The Next Frontiers of Advanced Lasers Research

WHEN the National Ignition Facility comes on-line in 2003, it will represent the conclusion of one process and the beginning of others. It will be the culmination of more than a decade of research and development to achieve laser ignition-the implosion in a laboratory environment of a small, hydrogen-isotope-filled target by laser beams of sufficient energy and quality to create, for a micro-instant, inertially confined fusion-a process comparable to that at the center of the sun. Simultaneously, it will represent the beginning of other quests, among them to fulfill the ultimate civilian goal of NIF-taking lasers beyond NIF to enable them to create inertial fusion energy, a low-cost, inexhaustible supply of electric power through repeated, sustained laser ignition and fusion energy gain.
Lawrence Livermore National Laboratory recognized and embraced the challenge of taking lasers beyond NIF more than a decade ago, even before NIF was specifically defined. The Laboratory made the early commitment to identify and develop the concepts and technologies that would propel laser applications beyond NIF because we know that the design, development, and construction of each major new experimental program facility take at least 10 years or more. Therefore, positioning large-scale programs to be able to explore the frontiers of new knowledge calls for the earliest possible anticipation of program facility needs and the timely development of the necessary enabling technologies.
In the case of NIF, these research management principles have meant that as the Laboratory solved the scientific problems and developed the technology to make NIF a reality, we almost concurrently had to do the science and provide the technology to take lasers beyond NIF.
Two articles in this issue of Science & Technology Review report on developments that not only will help inertial fusion achieve its immediate goal-ignition-but may provide the enabling technology to make lasers the means of providing inertial fusion energy.
The feature article, "Taking Lasers beyond the National Ignition Facility," beginning on p. 4, makes the compelling point that the flashlamp-pumped neodymium-doped glass (Nd:glass) lasers that NIF will use to create fusion ignition represent several decades of development and scaling. Flashlamp-pumped solid-state lasers have been developed worldwide as the workhorse laser driver of choice for single-shot inertial confinement fusion and high-energy-density research facilities at Livermore and elsewhere. Yet, it was generally believed that solid-state lasers as a class lacked other qualities necessary to effectively drive an inertial fusion energy reactor-namely, the capability to generate fusion-like, megajoule pulse energies simultaneously with output beams characterized by high quality, high pulse-repetition rate (about 10 hertz), and high efficiency (greater than 10%). The article goes on to discuss the conceptual and technological innovations that overcame this long-held perception. It focuses on the part the Laboratory played in developing (concurrently with NIF) the enabling laser technology advances that make diode-pumped, gas-cooled solid-state lasers a candidate for taking lasers beyond NIF to the production of unlimited electrical power based on inertial fusion energy.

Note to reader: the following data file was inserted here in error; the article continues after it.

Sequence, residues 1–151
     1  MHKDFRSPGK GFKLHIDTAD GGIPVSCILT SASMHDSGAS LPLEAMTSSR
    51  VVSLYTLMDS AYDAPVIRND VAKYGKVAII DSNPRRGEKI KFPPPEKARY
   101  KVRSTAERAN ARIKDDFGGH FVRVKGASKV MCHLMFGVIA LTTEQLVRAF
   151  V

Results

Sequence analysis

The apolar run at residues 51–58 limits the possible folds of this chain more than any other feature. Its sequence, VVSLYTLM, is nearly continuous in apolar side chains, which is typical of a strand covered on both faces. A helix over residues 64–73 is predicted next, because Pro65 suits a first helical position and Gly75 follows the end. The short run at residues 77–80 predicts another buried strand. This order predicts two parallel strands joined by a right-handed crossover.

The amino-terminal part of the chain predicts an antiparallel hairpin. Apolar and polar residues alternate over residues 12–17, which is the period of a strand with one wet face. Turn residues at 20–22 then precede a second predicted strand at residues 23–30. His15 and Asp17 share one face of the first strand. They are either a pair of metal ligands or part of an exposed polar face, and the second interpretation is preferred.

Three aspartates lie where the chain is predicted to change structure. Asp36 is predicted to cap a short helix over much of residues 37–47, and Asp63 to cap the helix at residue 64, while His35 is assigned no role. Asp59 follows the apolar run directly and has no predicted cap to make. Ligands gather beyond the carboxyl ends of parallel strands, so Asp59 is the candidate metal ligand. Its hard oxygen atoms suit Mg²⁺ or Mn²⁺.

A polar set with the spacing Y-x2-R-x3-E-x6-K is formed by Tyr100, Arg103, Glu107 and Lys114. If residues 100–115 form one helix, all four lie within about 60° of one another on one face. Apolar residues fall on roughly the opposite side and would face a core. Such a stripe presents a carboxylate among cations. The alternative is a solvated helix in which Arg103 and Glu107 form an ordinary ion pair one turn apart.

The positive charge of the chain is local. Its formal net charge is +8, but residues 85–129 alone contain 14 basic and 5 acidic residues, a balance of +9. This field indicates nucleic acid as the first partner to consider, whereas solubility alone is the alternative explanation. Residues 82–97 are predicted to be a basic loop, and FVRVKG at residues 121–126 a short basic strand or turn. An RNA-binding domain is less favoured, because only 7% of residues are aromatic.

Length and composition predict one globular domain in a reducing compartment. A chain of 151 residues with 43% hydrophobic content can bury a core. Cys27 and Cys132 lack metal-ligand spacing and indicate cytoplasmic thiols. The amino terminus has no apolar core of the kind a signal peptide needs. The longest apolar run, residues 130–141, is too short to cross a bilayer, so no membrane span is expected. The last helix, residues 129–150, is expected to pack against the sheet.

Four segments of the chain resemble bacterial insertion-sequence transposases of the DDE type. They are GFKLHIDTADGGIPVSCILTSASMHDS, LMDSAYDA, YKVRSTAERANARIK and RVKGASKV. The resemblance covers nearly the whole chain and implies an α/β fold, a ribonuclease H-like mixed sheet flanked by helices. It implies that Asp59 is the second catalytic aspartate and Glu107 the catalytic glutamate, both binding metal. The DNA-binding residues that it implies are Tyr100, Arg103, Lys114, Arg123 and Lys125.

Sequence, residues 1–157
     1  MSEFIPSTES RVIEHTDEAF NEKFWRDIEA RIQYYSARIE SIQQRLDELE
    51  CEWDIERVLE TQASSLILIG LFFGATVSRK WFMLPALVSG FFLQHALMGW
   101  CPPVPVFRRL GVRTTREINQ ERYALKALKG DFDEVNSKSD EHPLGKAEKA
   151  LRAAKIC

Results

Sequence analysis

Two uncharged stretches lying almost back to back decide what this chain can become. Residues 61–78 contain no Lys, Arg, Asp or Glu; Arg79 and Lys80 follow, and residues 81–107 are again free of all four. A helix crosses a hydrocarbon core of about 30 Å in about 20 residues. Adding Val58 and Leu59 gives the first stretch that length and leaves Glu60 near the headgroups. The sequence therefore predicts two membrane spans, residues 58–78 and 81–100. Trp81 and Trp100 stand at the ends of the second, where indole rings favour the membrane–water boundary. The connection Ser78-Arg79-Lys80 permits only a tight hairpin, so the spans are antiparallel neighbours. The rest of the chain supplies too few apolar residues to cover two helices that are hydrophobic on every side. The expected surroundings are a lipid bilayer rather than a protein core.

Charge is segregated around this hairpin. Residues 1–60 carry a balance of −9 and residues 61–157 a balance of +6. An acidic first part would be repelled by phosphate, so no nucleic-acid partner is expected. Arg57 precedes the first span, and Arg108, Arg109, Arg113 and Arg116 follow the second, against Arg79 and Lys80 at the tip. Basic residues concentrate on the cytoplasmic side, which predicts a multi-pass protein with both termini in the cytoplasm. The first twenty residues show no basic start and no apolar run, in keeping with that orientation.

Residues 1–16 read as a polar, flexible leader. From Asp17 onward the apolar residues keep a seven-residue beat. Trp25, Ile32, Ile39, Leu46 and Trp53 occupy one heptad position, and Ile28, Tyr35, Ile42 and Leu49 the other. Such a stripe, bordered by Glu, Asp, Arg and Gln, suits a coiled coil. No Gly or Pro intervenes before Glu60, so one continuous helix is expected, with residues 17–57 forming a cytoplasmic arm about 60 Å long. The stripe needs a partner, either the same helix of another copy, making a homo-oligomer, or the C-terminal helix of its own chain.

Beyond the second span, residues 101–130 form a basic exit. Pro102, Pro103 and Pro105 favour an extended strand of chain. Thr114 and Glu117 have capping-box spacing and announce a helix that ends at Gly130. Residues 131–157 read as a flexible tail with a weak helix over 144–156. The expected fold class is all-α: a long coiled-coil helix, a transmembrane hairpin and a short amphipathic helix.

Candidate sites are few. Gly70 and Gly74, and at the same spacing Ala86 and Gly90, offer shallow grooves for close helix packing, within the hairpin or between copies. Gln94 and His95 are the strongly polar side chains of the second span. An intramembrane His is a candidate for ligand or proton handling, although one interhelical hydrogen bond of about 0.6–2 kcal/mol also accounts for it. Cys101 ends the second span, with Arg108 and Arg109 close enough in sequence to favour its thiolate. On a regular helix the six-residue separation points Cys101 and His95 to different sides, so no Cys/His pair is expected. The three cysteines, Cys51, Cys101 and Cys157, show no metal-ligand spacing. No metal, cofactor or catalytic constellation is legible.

In a similar vein, the article on metallic hydrogen (p. 12) reports on a recent Laboratory achievement with promising, significant implications for improving the laser targets that will be used in NIF, broadening their performance range and making them capable of higher performance. The revised information about the equation of state of hydrogen revealed by the Laboratory's hydrogen metallization studies will contribute to the refinement of the hydrogen-isotope-filled targets to be used in the lasers that will make inertial fusion energy a reality.
Different as these two articles are, they have a similar subtext: The achievements they discuss illustrate the emphasis of Laboratory and the Laser Programs on forward-looking research management that plans well ahead for the future implications and applications of the scientific research and development done at Livermore. This research management philosophy is also what makes Lawrence Livermore a continuing key contributor to the global advancement of science and its most important applications.

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